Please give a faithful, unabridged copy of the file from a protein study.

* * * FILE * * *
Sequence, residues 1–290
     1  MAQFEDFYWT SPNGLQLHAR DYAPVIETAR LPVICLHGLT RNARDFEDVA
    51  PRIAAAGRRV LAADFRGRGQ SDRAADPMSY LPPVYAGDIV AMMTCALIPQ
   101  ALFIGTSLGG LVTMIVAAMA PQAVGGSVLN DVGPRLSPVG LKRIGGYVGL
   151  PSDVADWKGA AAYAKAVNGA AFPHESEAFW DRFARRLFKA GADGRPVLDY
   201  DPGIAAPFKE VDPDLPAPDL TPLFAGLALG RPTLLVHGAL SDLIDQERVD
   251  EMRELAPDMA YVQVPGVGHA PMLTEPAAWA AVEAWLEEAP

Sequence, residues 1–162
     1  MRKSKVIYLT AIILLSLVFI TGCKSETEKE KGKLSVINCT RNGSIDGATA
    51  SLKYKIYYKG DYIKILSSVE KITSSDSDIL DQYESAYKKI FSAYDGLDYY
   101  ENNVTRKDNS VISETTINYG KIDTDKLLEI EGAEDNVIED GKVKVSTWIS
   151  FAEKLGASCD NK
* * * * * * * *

Sequence, residues 1–290
     1  MAQFEDFYWT SPNGLQLHAR DYAPVIETAR LPVICLHGLT RNARDFEDVA
    51  PRIAAAGRRV LAADFRGRGQ SDRAADPMSY LPPVYAGDIV AMMTCALIPQ
   101  ALFIGTSLGG LVTMIVAAMA PQAVGGSVLN DVGPRLSPVG LKRIGGYVGL
   151  PSDVADWKGA AAYAKAVNGA AFPHESEAFW DRFARRLFKA GADGRPVLDY
   201  DPGIAAPFKE VDPDLPAPDL TPLFAGLALG RPTLLVHGAL SDLIDQERVD
   251  EMRELAPDMA YVQVPGVGHA PMLTEPAAWA AVEAWLEEAP

Sequence, residues 1–162
     1  MRKSKVIYLT AIILLSLVFI TGCKSETEKE KGKLSVINCT RNGSIDGATA
    51  SLKYKIYYKG DYIKILSSVE KITSSDSDIL DQYESAYKKI FSAYDGLDYY
   101  ENNVTRKDNS VISETTINYG KIDTDKLLEI EGAEDNVIED GKVKVSTWIS
   151  FAEKLGASCD NK